The other moment of the night was Jughead dealing with his dad F.P. F.P. is going through it and has been since Fred fired him. But F.P. was already doing some shady dealings anyway—maybe with the Serpents, perhaps?—but now F.P. is a drunken mess and his wife left with Jellybean, leaving Jughead behind to fend for himself. We find out in this episode that ever since the drive-in closed, Jughead’s been living in a school supply closet.

Finally, Archie got out of his own issues long enough to find out that Jughead’s not at home, and ultimately, he and Fred give Jughead a place to stay so he won’t have to stay with his dad. But until we get to that point (which involves Jughead getting pulled into the sheriff’s office for having the sheriff’s murder board), Jughead actually does go back home long enough to talk F.P. into working for Fred again. Archie does what he needs to do to get his dad to give F.P. another chance, and for the most part, things are as smooth as they can be between two Fred and F.P., two former best friends.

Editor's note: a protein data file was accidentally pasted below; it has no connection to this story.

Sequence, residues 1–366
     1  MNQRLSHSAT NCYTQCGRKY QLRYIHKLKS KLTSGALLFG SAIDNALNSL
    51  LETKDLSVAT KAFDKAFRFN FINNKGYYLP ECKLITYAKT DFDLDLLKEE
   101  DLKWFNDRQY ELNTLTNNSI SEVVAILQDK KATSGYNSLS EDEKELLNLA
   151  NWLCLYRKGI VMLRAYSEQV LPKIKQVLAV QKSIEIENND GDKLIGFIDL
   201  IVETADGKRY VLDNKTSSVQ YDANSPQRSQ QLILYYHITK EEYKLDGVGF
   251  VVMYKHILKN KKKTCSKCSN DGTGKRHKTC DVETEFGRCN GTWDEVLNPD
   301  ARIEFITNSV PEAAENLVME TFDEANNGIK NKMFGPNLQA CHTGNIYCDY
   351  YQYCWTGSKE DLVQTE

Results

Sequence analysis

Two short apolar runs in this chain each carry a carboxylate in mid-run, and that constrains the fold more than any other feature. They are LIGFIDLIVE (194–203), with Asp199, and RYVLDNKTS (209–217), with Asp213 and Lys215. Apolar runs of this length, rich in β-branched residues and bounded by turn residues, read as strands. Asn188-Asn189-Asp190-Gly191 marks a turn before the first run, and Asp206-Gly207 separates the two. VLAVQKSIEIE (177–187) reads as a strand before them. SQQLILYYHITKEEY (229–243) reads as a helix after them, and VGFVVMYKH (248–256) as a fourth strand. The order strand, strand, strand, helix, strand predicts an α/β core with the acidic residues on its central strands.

When we get to the part of the episode where Jughead gets pulled out of the sheriff’s office thanks to Fred covering for him by saying Jughead was working for him (which means Fred’s now technically a criminal too, since he’ll have to forge timecards for Jughead), we finally get to some ACTING. Not to say folks haven’t been acting before, but if we’re going to be a melodrama, let’s actually get to the DRAMA, not the shenanigans and antics. Jughead wants to trust his dad, who has broken his promises to get his act together over and over again, but F.P. looks so sorrowful and pitiful that Jughead, who is clearly angry with his father, still decides to give him another chance. I thought that was a great moment for a character who naturally leans towards the more soulful mindset anyway.